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E-mail to the Guests

I had a few e-mail messages drafted up with Bowen. These messages go out to the Western guests to explain some things about Chinese wedding customs. The other guests are our parents' friends who mostly know the drill. =)

The first one is about my gifts - "please do not feel obliged to give them a gift, they don't need anything, etc." Etiquette Nazism says it is a capital crime for the Bride and Groom to mention gifts. Even if we're saying that we don't expect gifts because that, in itself, implies that gifts ARE usually expected... hey, _I_ don't make up these things, okay?

So, I got my Maid of Honour to mention it for me. I'm not going to be a stick-up-the-butt about it if my friends ask me directly. But everyone draws their lines in different places, so I'm trying to do the right thing.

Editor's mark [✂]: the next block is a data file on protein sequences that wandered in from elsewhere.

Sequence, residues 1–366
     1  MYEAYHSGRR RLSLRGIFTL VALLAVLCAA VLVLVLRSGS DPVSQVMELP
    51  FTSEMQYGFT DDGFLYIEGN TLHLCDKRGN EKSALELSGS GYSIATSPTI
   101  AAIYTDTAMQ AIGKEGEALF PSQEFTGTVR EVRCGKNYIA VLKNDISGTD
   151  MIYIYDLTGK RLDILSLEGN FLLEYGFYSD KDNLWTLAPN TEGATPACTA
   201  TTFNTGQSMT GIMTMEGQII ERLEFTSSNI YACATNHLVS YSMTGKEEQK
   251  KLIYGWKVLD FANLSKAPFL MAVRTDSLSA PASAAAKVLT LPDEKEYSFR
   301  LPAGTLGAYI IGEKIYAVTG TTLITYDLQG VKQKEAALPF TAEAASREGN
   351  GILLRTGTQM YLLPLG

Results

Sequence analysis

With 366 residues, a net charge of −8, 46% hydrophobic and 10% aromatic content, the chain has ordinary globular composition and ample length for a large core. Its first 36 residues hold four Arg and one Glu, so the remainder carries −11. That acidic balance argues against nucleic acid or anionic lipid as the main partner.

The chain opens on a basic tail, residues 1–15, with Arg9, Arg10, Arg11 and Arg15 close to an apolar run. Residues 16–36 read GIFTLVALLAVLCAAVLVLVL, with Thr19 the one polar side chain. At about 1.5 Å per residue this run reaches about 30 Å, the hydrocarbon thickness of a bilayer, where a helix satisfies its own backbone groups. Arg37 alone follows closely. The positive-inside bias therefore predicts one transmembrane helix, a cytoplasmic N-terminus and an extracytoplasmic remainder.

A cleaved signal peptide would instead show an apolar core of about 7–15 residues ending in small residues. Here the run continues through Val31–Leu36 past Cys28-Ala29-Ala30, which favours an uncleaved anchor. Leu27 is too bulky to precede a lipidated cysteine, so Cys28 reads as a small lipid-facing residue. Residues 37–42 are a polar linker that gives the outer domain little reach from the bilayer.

The second one is about the general outline of how the Ceremony will go. It's a large wedding, we'll end up ignoring a lot of people just because it's a large wedding.

The third is regarding the outline of the Banquet. I've been to too many Chinese wedding banquets where the Westerners had started getting obnoxious due to hunger (just before the banquet) and lack of understanding. I agree that manners and behaviour are up to the individual and I really don't think any of our Western friends are nearly the idiots that I've seen. But all the same, I believe a little understanding goes a long long way.


May. 1st, 2001 09:45 pm (UTC)
wedding etiquette
I think it's set up so that no matter what you do, something will offend, or potentially offend.

The no gifts, we'd rather travel deal is going over nicely. Etiquette hasn't evolved to cover situations where the bride and groom ( gasp!) live together before marriage.

Anyhoo. email me at taniamc@yahoo.com and I'll send you info on how to get richard, and me out of the country.


The Bride of the First House

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